The Bar Council of India (BCI) told the Supreme Court that based on scores obtained by young lawyers in an online legal aptitude test, they could be placed under lawyers designated as senior advocates or those with 25 years of standing at the Bar.
In the affidavit filed by the Bar Council of India (BCI) in the Supreme Court , it states that Senior lawyers may soon have to give space to at least five young lawyers in their chambers.
Further the BCI proposed introducing a state-level entrance test for admission in law colleges instead of letting universities and colleges conduct their exams separately.
The BCI has filed its affidavit on a query of the Supreme Court on a raft of proposed reforms in the country’s legal education.
The affidavit, filed through advocate Durga Dutt on behalf of BCI apprised the Top Court that the council is also planning to frame a rule wherein online objective tests will have to be undertaken by fresh law graduates and the results of the online tests shall be valid for a period of six months.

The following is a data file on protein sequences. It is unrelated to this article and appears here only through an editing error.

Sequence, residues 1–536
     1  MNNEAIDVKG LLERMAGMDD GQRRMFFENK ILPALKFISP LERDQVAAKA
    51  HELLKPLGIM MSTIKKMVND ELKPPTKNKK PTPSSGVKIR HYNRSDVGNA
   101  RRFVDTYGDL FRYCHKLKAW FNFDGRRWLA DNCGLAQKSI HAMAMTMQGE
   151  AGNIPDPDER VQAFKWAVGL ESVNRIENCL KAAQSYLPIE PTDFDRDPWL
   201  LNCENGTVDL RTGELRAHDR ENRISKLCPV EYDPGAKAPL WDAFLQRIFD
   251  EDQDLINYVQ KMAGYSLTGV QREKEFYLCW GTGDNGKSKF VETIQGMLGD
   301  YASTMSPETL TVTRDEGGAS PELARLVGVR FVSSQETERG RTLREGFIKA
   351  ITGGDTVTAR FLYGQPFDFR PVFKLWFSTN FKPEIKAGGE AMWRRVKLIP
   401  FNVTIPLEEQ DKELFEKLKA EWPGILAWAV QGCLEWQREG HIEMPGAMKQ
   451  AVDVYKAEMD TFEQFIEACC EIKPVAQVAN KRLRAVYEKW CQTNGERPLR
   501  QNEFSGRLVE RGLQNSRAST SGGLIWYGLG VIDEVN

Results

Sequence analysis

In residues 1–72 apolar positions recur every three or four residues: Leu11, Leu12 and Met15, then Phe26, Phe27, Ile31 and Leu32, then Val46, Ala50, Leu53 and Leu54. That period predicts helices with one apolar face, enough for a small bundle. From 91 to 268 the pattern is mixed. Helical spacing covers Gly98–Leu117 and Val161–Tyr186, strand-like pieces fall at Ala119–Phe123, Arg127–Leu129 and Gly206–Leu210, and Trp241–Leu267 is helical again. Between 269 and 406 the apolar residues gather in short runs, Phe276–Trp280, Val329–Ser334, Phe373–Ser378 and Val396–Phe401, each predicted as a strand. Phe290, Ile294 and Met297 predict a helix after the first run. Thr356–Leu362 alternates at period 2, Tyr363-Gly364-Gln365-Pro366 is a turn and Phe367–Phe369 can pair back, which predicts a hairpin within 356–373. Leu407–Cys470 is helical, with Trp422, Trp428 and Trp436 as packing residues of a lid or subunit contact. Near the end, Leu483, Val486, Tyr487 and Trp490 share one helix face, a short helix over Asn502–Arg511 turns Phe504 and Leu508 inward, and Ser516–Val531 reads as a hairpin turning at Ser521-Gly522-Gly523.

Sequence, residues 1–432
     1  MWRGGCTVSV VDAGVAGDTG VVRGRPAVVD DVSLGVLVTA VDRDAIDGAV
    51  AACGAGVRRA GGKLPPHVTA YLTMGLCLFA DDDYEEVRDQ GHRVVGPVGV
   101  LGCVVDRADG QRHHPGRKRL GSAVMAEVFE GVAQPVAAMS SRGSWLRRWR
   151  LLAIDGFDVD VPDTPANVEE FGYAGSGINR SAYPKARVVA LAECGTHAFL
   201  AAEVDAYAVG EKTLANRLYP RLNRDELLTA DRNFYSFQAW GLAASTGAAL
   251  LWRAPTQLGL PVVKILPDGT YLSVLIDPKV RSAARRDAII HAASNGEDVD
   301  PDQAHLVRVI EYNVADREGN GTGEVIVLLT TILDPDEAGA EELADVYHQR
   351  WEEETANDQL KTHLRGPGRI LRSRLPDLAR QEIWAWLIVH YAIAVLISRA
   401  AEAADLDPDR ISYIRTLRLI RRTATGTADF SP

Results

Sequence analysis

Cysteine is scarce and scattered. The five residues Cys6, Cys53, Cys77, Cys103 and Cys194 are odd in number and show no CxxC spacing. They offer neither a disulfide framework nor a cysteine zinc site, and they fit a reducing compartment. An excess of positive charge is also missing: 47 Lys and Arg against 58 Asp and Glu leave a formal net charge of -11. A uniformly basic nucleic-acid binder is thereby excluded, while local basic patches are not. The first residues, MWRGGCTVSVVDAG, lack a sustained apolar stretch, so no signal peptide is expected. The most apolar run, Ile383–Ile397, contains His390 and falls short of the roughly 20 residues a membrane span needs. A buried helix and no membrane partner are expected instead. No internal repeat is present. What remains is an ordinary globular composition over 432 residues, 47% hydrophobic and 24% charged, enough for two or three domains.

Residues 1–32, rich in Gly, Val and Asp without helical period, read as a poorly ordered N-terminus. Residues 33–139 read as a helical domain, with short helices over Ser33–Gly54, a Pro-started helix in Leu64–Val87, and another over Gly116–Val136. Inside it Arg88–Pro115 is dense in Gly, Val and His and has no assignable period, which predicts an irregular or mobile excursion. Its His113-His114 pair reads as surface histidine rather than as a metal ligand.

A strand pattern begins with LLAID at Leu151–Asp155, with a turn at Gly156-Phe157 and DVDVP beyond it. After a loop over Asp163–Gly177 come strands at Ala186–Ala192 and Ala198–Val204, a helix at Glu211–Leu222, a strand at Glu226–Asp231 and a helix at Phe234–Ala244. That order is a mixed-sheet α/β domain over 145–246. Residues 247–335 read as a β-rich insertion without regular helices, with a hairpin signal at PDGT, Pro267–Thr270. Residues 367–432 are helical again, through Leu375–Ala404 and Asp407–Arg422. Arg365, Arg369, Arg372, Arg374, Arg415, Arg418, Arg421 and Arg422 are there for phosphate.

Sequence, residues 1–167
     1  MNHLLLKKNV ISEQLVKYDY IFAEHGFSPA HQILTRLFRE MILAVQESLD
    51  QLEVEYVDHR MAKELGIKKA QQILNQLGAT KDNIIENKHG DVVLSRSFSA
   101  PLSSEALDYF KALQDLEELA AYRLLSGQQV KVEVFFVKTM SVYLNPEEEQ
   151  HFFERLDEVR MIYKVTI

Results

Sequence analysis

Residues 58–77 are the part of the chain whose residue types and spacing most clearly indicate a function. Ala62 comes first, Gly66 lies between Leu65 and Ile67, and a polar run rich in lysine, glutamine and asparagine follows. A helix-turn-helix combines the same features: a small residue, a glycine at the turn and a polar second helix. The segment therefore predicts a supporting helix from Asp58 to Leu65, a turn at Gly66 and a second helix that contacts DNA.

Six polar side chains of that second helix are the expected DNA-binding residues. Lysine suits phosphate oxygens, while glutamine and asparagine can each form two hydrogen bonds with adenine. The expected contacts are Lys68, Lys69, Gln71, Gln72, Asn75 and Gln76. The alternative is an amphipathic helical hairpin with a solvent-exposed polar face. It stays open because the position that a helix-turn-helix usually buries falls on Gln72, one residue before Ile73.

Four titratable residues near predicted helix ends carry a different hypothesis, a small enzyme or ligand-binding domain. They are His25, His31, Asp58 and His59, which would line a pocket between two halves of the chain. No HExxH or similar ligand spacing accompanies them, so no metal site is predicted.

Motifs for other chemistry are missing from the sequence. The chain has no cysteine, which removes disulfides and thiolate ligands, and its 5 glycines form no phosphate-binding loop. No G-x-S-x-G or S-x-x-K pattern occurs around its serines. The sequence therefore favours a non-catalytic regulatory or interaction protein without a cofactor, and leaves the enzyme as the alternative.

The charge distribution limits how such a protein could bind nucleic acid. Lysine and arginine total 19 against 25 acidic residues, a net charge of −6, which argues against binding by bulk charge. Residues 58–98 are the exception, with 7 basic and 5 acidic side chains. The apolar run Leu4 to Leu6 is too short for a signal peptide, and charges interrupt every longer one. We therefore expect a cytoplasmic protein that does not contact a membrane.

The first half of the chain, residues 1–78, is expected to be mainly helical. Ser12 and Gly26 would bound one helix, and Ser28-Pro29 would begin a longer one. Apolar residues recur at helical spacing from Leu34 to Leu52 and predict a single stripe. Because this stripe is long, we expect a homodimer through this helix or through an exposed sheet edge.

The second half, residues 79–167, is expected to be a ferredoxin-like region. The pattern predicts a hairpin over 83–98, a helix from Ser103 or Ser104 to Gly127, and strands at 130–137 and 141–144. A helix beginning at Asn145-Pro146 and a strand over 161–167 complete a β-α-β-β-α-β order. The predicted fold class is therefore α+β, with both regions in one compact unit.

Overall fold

The bench led by justice Sanjay Kishan Kaul heard an appeal by the BCI against an order of the Gujarat high court, which allowed a woman to enroll as an advocate without quitting her job through an order in November 2020.
In the April 11 affidavit, it is underlined that a panel has been constituted to scrutinise the possibility of making a rule obligating senior lawyers to accommodate fresh law graduates in their chambers. The BCI further complained about the indifference of universities and state governments towards improving the infrastructure of government-run law colleges.
BCI on the court’s concerns over mushrooming law colleges and lowering of standards stated that it has earmarked about 500 institutions throughout the country which are sub-standard. It has imposed a three-year moratorium on opening new law colleges in August 2019, in order to discourage mushrooming of law colleges.
As per BCI data, there are 1.7 million registered lawyers in the country and 80,000 to 100,000 new advocates get enrolled annually. According to BCI there are around 1,500 law colleges across the country, with private colleges making up for 75%.
The Top Court will hear the matter on April 19.
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